The project seems to be where it needs to be. Since the last post, I ordered new “degenerate” primers, which consist of a mix of almost all possible sequences that would match the rbcL gene of the algae of interest. The folks at Midland Certified Reagent Co. were very helpful, and the primers arrived quickly.
As can be seen below, we get a much more robust signal from the presumed Avrainvillea with the new primers. There was, however, no signal for Bryopsis species 1. Because that batch of DNA consistently amplified in the past, I am going to attribute the failure to technical issues for the moment.
As was true for the previous run, the lane for Elysia clarki still had no signal. The repeated failure to get a PCR product from this extract suggests that it is not a simple technical glitch. The obvious culprit is mucus. Even though we used a small amount of tissue, it produced copious mucus, some of which may have remained in the sample after purification. The polysaccharides in mucus are expected to interfere with the PCR reaction, so that could be our problem.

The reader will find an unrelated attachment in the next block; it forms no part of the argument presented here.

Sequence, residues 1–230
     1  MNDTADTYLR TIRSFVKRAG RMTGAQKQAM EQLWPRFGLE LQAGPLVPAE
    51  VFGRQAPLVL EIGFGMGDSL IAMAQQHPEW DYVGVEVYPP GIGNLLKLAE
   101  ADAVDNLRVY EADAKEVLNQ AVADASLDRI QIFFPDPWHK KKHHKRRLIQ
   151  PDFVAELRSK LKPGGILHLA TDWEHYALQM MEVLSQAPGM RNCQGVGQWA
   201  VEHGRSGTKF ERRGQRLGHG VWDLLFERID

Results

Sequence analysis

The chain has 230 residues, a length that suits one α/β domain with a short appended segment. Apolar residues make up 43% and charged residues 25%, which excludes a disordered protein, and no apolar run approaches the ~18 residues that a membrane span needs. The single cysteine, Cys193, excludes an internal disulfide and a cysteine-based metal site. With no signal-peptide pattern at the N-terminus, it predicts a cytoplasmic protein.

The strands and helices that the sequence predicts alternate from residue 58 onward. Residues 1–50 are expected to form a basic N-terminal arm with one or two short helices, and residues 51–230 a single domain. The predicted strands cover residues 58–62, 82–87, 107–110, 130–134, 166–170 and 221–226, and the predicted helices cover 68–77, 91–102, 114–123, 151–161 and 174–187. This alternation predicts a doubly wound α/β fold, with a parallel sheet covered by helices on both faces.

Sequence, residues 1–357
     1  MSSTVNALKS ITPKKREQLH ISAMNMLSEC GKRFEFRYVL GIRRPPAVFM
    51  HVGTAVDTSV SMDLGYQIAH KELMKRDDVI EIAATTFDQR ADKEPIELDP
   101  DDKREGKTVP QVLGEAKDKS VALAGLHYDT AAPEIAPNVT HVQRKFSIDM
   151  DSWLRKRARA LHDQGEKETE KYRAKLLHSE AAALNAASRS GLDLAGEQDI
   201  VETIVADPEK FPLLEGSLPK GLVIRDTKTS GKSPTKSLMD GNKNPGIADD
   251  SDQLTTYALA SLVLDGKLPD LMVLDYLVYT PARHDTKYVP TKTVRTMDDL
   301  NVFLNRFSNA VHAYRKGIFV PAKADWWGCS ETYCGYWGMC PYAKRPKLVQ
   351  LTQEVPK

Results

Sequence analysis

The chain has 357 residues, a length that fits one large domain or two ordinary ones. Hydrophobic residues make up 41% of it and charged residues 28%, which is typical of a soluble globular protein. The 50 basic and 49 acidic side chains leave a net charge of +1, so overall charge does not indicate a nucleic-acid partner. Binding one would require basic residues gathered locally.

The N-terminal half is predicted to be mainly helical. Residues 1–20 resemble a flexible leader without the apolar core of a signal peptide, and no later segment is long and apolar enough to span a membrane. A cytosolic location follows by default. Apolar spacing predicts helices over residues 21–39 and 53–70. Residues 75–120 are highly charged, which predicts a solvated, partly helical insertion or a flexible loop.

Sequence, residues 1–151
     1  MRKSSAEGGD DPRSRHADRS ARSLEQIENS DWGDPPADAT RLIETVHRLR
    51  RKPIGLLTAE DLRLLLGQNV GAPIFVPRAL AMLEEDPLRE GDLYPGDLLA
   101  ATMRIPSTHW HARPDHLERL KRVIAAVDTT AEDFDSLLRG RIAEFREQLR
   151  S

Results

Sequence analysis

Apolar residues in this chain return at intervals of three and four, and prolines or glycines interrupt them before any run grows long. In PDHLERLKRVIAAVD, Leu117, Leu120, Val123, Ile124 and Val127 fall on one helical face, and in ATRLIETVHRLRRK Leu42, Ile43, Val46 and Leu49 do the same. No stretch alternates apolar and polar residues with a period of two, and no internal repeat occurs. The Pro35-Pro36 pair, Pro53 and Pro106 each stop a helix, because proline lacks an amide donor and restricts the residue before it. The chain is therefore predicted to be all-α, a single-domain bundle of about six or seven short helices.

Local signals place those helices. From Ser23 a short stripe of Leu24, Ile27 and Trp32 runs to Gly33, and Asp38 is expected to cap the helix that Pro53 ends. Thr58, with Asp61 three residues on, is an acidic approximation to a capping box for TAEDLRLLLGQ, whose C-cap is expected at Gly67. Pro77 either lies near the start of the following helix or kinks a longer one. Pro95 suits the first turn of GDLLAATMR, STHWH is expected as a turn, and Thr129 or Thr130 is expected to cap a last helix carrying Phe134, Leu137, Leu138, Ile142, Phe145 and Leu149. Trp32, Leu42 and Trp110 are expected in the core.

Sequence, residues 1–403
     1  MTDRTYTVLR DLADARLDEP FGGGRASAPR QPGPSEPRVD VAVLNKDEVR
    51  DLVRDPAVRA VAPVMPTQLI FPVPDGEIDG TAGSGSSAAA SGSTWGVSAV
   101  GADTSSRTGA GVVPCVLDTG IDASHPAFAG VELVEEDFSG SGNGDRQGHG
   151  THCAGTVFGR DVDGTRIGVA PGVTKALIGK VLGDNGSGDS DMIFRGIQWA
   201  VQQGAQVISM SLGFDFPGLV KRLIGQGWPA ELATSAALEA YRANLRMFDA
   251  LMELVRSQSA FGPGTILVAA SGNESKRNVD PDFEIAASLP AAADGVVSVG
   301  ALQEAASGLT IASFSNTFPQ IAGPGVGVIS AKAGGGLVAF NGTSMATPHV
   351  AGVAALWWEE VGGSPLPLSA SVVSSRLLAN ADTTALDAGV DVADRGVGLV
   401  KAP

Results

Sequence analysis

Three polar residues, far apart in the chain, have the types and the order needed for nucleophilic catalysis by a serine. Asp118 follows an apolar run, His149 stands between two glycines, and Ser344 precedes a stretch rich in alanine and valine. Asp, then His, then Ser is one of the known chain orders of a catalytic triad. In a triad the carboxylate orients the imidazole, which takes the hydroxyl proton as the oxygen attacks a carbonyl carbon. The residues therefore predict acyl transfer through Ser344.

Because his lab group has successfully extracted and sequenced DNA from Elysia species, I contacted Gregor Christa from Heinrich-Heine Universität Düsseldorf. He suggested a very simple fix: dilute the DNA template. It seemed too easy, but I performed another run yesterday, and, lo and behold, it worked! The undiluted DNA (& mucus) gave no signal, but the diluted DNA amplified nicely. I guess the dilution reduced the concentration of mucus enough to allow the reaction to proceed, while the sensitivity of the PCR reaction allowed amplification of the diluted DNA.
Everything seems to be on track. The next step is to send some of our PCR products out for sequencing, hopefully within the next few days.